The Gen5 comes with two magazines. Sights on the new
Gen5 G19 are designed for concealed carry.
This was the first of the ballyhooed Gen5s most folks had seen at the time of the test, and everybody wanted to shoot it. I deliberately left it with only the lube it had come with, to see how this affected reliability. We were soon well over 1,000 rounds of just about everybody’s ammo (no handloads, though). No malfunctions were noted. Even deliberate limp-wristing did not induce malfs. And no one reported BTF, the dreaded “brass-to-face” ejection pattern.
Our test team, from the 5-foot tall lady to the large males, gave the Gen5 a big thumbs up. Final assessments are rarely so unanimous. At least two of our testers immediately went out and ordered their own Gen5s. That says something.
I can’t confirm it with attribution, but word is that during FBI’s testing, some M-series GLOCKs went 20,000 rounds apiece without a single malfunction. Really, it’s hard to ask for more than that.
Yes, we were aware IMPD had experienced some breakages with their first production run 17Ms. We were also aware this had long since been traced to a batch of faulty springs, and had been corrected straightaway.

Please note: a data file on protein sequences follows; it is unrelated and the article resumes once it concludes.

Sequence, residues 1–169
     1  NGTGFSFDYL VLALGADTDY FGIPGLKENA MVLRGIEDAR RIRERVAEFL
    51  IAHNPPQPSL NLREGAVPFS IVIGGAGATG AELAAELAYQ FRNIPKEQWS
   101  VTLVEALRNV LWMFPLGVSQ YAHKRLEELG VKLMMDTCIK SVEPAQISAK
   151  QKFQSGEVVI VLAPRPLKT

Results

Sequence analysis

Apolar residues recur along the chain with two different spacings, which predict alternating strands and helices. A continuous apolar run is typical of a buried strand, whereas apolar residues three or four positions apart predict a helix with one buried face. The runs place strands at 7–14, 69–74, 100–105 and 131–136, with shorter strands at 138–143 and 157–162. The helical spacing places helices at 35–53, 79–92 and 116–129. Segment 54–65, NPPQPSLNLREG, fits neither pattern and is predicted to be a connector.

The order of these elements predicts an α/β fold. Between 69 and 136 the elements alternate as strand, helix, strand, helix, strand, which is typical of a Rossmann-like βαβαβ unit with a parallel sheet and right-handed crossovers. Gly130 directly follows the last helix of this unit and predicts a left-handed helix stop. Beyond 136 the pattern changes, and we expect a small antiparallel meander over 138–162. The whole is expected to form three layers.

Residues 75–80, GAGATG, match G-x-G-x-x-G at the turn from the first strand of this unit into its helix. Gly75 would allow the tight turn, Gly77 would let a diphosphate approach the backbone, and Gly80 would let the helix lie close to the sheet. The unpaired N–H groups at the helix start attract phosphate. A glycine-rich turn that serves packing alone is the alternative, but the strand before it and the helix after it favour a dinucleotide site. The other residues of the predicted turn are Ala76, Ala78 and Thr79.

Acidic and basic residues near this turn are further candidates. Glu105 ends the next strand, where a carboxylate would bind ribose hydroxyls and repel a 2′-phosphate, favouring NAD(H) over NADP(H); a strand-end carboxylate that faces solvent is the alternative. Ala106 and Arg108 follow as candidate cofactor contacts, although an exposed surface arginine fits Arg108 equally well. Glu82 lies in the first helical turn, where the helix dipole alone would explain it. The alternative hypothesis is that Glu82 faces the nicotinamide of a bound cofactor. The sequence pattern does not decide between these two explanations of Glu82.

Initially, the test gun shot left and high; 6 o’clock hold corrected elevation, and the rear
AmeriGlo sight was easy to drift for correct windage. Photo: Gail Pepin
I’ve been shooting GLOCKs since they hit American shores, and carrying and competing with them regularly for more than a quarter century. While I have mixed feelings about the flared mag well, in every other respect this Gen5 G19 has become my new favorite GLOCK 9mm. I think it has the best self-defense trigger the firm has ever offered as standard. And, yes, I’m sending them my personal check, and the test gun is staying with me!